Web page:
Questions about the urban crime wave reached the White House today, when reporters asked Press Secretary Jen Psaki what the Biden administration intends to do about the increasing violence nationwide.
Fox News' Peter Doocy asked about Biden's feeling that "a great deal of the crime we're seeing is a result of gun violence," noting that "the stats show it's not just gun crimes. So why does the president think there's been a 30 percent increase in car thefts in DC, 47 percent increase in robberies in New York City, or a 98 percent increase in rapes in Atlanta?" These are all cities with Democrat leadership.
"Well," Psaki explained, "first, I think if you look at a number of cities across the country it is actually driven by gun violence." She listed off cities where gun violence is a problem and discussed their rates of homicide, without addressing the question of additional violent crimes.
"Take St. Louis," she said, "96 percent of homicides where the instrument is known were committed using a fire arm. New York City, from March 2020 to March 2021, shooting incidents have jumped 77 percent. The city recorded more than 1,500 shootings in 2020, 97 percent more than 777 in 2019."
The mayor of St. Louis in May stated that she wanted to defund the police department and close the local jail while the city's murder rate was the nation's highest. St. Louis had 87 homicides per 100,000 residents in 2020.
"There are major cities across the country where gun violence is absolutely the driver, where it is absolutely increasing. And that will be a central part of what he'll talk about when he delivers his remarks tomorrow."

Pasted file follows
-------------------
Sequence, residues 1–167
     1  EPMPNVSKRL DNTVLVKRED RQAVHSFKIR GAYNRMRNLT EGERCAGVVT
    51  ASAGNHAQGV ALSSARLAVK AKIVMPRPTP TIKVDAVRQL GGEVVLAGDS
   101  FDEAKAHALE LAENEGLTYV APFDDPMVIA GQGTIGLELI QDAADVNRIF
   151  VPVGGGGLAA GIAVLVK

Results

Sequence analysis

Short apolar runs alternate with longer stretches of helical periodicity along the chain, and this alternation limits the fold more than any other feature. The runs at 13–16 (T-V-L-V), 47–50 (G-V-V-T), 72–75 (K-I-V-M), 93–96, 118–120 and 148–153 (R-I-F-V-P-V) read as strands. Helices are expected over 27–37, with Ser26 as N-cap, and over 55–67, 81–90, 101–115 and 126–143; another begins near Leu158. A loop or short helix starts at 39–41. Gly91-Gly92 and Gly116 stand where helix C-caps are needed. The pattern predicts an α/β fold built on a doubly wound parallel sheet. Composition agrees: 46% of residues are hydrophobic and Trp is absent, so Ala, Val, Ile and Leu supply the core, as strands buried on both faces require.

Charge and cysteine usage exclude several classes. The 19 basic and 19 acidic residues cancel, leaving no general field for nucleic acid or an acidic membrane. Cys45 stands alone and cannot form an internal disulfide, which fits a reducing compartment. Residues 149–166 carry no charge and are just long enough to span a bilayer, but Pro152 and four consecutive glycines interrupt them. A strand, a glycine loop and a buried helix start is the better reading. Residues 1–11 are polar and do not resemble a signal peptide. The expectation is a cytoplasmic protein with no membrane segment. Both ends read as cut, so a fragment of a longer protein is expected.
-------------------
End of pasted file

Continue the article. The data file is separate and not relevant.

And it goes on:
Doocy followed up with a question about cash bail. The ending of cash bail has been a BLM talking point for well over a year. In New York City, cash bail was eliminated in February 2020, just before the massive increase in crime.
"Given everything that is going on—with guns, without guns—does the president think this is the best time to end cash bail?" Doocy asked.
"I don't think I have any new position on that for you but I'm happy to check and see if there's anything more to report," Psaki said, attempting to move on.
"So," Doocy jumped in, bringing up the statement from Biden's website about his intention to lead a national effort to end cash bail, and reform the pre-trial system. "What does the president think would be a deterrent to committing a crime if there is no cash bail in place?"
"Well," Psaki said again, "let me give you a sense to the degree I can because we're still finalizing the specifics. There's been one, an increase in violence crime over the last 18 months, it's not just over the last few months, and actually if you look statistically back it's actually over the last five years or so. So there's an initial set of actions the president has announced to date to address gun violence back in April."
Psaki listed those items off, namely removing so-called ghost guns, or DYI guns that can be made from gun kits purchased online, which do not have serial numbers. Banning stabilizing braces that make guns easier to shoot, investing in community violence interventions and investment into community policing, and "helping state and local governments keep cops on the street." She didn't mention Biden's intentions to enact "red flag" laws across the country, which make it possible for individuals to report on others who they feel should not be in possession of a firearm.
"You just said again," Doocy asked, "you guys want to keep cops on the beat, but there are reports that big cities are having a very difficult time recruiting officers right now, and there are many other reports that morale is at an all-time low in big police departments. So why does the president think there's low morale with police officers on the beat?"
Psaki said, "I don't think we're the right entity to give a report on that," and suggested that Doocy speak to local police departments about it. "What I would say to you," Psaki said, "is that the president has never supported defunding the police. He has always supported community policing programs," and she intoned the American Rescue Plan, which also injected money into states and municipalities for "community policing" as part of its aggressive $1.9 trillion spending plan.